Although Exalogic is widely used as a consolidation platform due its concept of data center in-a-box, most customers look after it as a technical solution for improving application throughput. Counting with a powerful 40GB/s bandwidth InfiniBand fabric, applications running on top of Exalogic can benefit from the high throughput, low latency and efficient network layer while exchanging messages across different processes.
One of the main benefits of using the InfiniBand technology is providing a way to applications to move data directly from the memory of one server to another, bypassing the operating system of both servers, resulting in significant CPU usage reduction plus latency improvement. But to leverage this capability, all applications must use a specific protocol. The most well-known protocol for this is called SDP (Sockets Direct Protocol) and it provides a transport-agnostic way to support streams sockets over RDMA (Remote Direct Memory Access) network fabrics.
The most common case when SDP need to be leveraged is when applications running on Exalogic need high performance access to Oracle databases running on Exadata. In the Exadata machine, most DBAs only need to set up a new listener based on SDP instead of TCP and that’s it. But in the Exalogic machine things can get a little complicated, especially if you are trying to leverage SDP from the support introduced in JDK 1.7. This article will discuss the issues that can happen when Java applications access SDP-enabled databases in Exadata.
It is important to state that the issues mentioned in this article does not happen when SDP connections between Exalogic and Exadata are established using the built-in stack available in Exalogic, which is essentially the EECS (Exalogic Elastic Cloud Software). Applications intended to run on top of Exalogic must leverage the EECS, and Oracle supports ISVs interested in doing this with the Exastack program. The SDP support available in JDK 1.7 must be used for ISVs interested in building applications for both Exalogic and other InfiniBand-based machines.
As you can follow in this article, to leverage SDP in Java applications you need to provide to the JVM a SDP configuration file. In the content of this file, you need to define a set of rules about which endpoints to connect (outbound) or bind (inbound). In case of accessing Oracle databases through SDP-enabled listeners running on the Exadata machine, you need to provide a connect rule just as shown in the listing 1. The rule assumes that the SDP listener is running on port 1522.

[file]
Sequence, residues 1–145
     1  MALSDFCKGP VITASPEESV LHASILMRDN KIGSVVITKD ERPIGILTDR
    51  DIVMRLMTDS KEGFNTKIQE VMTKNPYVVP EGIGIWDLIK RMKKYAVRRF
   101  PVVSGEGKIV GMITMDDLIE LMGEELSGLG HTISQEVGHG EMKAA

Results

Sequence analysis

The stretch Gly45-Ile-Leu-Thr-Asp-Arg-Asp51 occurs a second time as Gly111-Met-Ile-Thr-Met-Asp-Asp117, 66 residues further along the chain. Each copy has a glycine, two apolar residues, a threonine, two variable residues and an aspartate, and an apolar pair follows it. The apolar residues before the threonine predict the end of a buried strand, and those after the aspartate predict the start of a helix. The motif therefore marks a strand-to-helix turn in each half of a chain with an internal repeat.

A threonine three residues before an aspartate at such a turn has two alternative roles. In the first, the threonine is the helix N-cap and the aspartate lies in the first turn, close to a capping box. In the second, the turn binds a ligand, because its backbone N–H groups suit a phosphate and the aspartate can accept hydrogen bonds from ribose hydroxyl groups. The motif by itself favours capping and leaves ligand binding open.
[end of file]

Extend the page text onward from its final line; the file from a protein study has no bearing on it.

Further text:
Listing 1: Connect rule for the SDP configuration file with specific port.
To avoid setting too many rules in the SDP configuration file, some people use wildcards to generalize IP ranges and/or ports. For instance, listing 2 shows a variation of the rule shown in listing 1, in which SDP can be established to any port of the given IP address.
Listing 2: Connect rule for the SDP configuration file, using wildcards.
Using wildcards in rules of the SDP configuration file would be fine if wasn’t for the fact that multiple protocols can be activated at the same time for a given IP address. For instance, imagine an Exadata machine having database listeners exposed through SDP on port 1522, but also having FAN events listened through TCP on port 6200. This mix of protocols can be a big source of problems in the Exalogic machine if the SDP configuration file uses wildcards. In runtime, for every IP address set in the SDP configuration file, the JVM will try to establish socket connections through SDP, even if the target port does not support the SDP protocol. Due the mismatch of protocols, a continuous set of connection retries will occur, potentially leading to serious memory leak issues.
The easiest way to avoid the memory leak issues is avoiding using wildcards in the SDP configuration file. As much as possible, try to set specific ports for each IP address, just as shown in listing 1. There are several tools that you can use in both Exalogic and Exadata to make sure if a specific port supports SDP, as you can see in the “Monitoring SDP Sockets using sdpnetstat on Oracle Linux” section of the following link.
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